Bus services being subsidised is not part of the problem.  Bus services not being subsidised enough is part of the problem.
Well, yes, that's kind of what I meant. Because they require subsidies from local councils, who are all skint, they don't get money so they don't run. Though arguably our reluctance to pay the full cost of travel is also part of the bigger problem (and more so with private transport than public).
sideways bounding monkey lounging under fruit tree

Cudzoziemiec

  • Solar powered, tea fuelled cycle-wol
Re: Pavement parking
« Reply #18 on: May 18, 2019, 02:05:47 pm »
Have a look at the situation in this Oxford gmaps streetview (2017)...those white lines!?  Wheely bin slalom?

The council ought to be taken to task for that. Painting a parking box on a pavement doesn't make it legal to park there, so they are encouraging people to park illegally, and like total dicks. It's clear that precisely no thought has been made for anyone who isn't in a vehicle.
Unfortunately, I'm pretty sure there's no general law against parking on a pavement. It's only illegal where a local law prohibits it, which most places don't have. But maybe there's grounds to challenge this scheme under an access law? It really doesn't look as if there's room to get a wheelchair, pushchair or similar along what remains of that pavement. But you can't see why they've done this, as with cars parked both sides there wouldn't otherwise be room for a vehicle to get down the road. There was a case last summer on a road near me where an ambulance couldn't get to the scene of a heart attack, and fire engines face this problem very commonly.

I'd say the root problem is exactly as you say, no thought having been made for anyone who isn't in a vehicle (including those having heart attacks), compounded with too much rather than too little parking.
sideways bounding monkey lounging under fruit tree

Re: Pavement parking
« Reply #19 on: May 18, 2019, 02:30:14 pm »
Unfortunately, I'm pretty sure there's no general law against parking on a pavement. It's only illegal where a local law prohibits it.
True, but driving on the footway is illegal being precisely the same article of law that forbids cycling.  So how do these vehicles get there?  Are they lifted on by forklift?   I used to ask this in conversation with work colleagues to see the puzzled faces.

mattc

  • n.b. have grown beard since photo taken
    • Didcot Audaxes
Re: Pavement parking
« Reply #20 on: May 18, 2019, 02:32:52 pm »
Pavement parking fines? If the laws about parking on/by junctions were enforced on my estate, they could raise the funds to pay for a few hospitals!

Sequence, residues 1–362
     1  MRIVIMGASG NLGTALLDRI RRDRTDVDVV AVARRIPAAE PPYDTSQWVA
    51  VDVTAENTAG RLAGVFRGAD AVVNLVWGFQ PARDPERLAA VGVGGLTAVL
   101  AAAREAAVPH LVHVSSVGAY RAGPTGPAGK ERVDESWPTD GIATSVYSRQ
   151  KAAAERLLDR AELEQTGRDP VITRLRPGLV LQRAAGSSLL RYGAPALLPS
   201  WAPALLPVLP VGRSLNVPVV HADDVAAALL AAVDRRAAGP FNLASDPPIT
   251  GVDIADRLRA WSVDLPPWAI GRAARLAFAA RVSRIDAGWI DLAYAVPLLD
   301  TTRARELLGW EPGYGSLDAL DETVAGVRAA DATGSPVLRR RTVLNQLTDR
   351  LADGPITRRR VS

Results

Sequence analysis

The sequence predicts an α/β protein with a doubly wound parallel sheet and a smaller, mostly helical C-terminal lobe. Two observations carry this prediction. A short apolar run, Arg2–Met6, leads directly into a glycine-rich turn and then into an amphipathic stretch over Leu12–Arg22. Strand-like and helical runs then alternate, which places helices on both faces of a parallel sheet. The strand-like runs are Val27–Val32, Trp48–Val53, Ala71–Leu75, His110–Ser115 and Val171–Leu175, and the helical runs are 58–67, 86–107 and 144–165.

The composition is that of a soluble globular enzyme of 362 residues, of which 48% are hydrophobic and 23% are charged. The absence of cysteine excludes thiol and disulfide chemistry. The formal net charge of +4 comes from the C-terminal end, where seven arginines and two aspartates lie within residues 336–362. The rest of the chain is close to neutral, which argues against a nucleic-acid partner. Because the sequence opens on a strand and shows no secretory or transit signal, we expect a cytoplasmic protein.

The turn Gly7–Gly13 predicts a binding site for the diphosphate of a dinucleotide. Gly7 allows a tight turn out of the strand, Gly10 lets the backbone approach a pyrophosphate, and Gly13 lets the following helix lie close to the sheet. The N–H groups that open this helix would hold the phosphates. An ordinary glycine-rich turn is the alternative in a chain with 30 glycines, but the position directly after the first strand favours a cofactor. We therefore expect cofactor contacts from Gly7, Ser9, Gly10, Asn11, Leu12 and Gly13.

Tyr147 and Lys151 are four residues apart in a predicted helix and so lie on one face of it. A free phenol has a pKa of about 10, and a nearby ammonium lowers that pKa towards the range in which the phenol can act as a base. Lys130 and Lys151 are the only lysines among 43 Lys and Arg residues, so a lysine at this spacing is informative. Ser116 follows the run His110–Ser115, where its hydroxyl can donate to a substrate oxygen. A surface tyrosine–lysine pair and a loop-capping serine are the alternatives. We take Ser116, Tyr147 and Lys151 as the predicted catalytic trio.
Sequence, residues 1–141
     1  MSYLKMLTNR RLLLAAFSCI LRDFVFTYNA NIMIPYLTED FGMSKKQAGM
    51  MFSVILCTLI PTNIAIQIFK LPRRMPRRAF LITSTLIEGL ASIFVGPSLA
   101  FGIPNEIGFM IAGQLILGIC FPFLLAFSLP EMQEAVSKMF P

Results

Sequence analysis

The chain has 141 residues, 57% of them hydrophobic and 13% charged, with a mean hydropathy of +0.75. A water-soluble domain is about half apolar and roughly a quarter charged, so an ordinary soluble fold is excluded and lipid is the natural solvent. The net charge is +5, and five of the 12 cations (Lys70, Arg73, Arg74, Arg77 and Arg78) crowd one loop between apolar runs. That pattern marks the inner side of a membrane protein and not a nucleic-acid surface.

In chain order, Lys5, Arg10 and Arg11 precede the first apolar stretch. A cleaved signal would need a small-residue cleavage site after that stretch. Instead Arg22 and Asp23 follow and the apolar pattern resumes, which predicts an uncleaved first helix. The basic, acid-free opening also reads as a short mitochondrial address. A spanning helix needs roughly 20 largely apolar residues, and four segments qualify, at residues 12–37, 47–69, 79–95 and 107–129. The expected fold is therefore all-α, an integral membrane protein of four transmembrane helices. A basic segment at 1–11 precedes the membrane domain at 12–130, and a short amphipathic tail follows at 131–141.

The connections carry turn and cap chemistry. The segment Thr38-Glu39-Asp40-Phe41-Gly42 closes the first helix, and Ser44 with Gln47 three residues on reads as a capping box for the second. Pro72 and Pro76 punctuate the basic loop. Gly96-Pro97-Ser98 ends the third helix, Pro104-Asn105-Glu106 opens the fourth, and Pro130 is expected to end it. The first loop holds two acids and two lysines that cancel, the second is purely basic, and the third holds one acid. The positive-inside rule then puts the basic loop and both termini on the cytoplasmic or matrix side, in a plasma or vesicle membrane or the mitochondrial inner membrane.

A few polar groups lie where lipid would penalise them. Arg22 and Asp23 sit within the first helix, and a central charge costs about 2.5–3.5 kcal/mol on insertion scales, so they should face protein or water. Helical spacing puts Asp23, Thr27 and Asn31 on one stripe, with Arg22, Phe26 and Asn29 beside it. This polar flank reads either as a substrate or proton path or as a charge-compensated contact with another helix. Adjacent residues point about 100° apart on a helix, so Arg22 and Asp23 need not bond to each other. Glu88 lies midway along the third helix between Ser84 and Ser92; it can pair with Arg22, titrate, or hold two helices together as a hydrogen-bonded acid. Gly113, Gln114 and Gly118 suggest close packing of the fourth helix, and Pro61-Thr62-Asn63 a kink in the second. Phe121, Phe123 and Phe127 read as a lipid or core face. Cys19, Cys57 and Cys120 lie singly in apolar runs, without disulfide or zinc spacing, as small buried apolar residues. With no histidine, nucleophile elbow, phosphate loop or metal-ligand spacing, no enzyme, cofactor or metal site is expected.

Has never ridden RAAM
---------
No.11  Because of the great host of those who dislike the least appearance of "swank " when they travel the roads and lanes. - From Kuklos' 39 Articles

Re: Pavement parking
« Reply #21 on: May 18, 2019, 04:47:53 pm »
Pavement parking is illegal in London. I thought consideration was being given to making this countrywide, but no sign yet.

Kim

  • Timelord
Re: Pavement parking
« Reply #22 on: May 18, 2019, 10:03:52 pm »
Pavement parking is illegal in London. I thought consideration was being given to making this countrywide, but no sign yet.

See the OP of this thread.
To ride the Windcheetah, first, you must embrace the cantilever...

mattc

  • n.b. have grown beard since photo taken
    • Didcot Audaxes
Re: Pavement parking
« Reply #23 on: May 19, 2019, 08:12:26 am »
Pavement parking is illegal in London. I thought consideration was being given to making this countrywide, but no sign yet.

See the OP of this thread.
And sign-up, please!
Has never ridden RAAM
---------
No.11  Because of the great host of those who dislike the least appearance of "swank " when they travel the roads and lanes. - From Kuklos' 39 Articles

Re: Pavement parking
« Reply #24 on: May 19, 2019, 08:52:41 am »
Have a look at the situation in this Oxford gmaps streetview (2017)...those white lines!?  Wheely bin slalom?

The council ought to be taken to task for that. Painting a parking box on a pavement doesn't make it legal to park there, so they are encouraging people to park illegally, and like total dicks. It's clear that precisely no thought has been made for anyone who isn't in a vehicle.
Unfortunately, I'm pretty sure there's no general law against parking on a pavement. It's only illegal where a local law prohibits it, which most places don't have. But maybe there's grounds to challenge this scheme under an access law? It really doesn't look as if there's room to get a wheelchair, pushchair or similar along what remains of that pavement. But you can't see why they've done this, as with cars parked both sides there wouldn't otherwise be room for a vehicle to get down the road. There was a case last summer on a road near me where an ambulance couldn't get to the scene of a heart attack, and fire engines face this problem very commonly.

I'd say the root problem is exactly as you say, no thought having been made for anyone who isn't in a vehicle (including those having heart attacks), compounded with too much rather than too little parking.

AFAIK, it is slightly different. The default is no parking on pavements, but that can and is overridden at a local level by the councils who have responsibility for the roads. No roads (?) operated by TfL allow pavement parking. The rationale is not pavement use but pavement damage.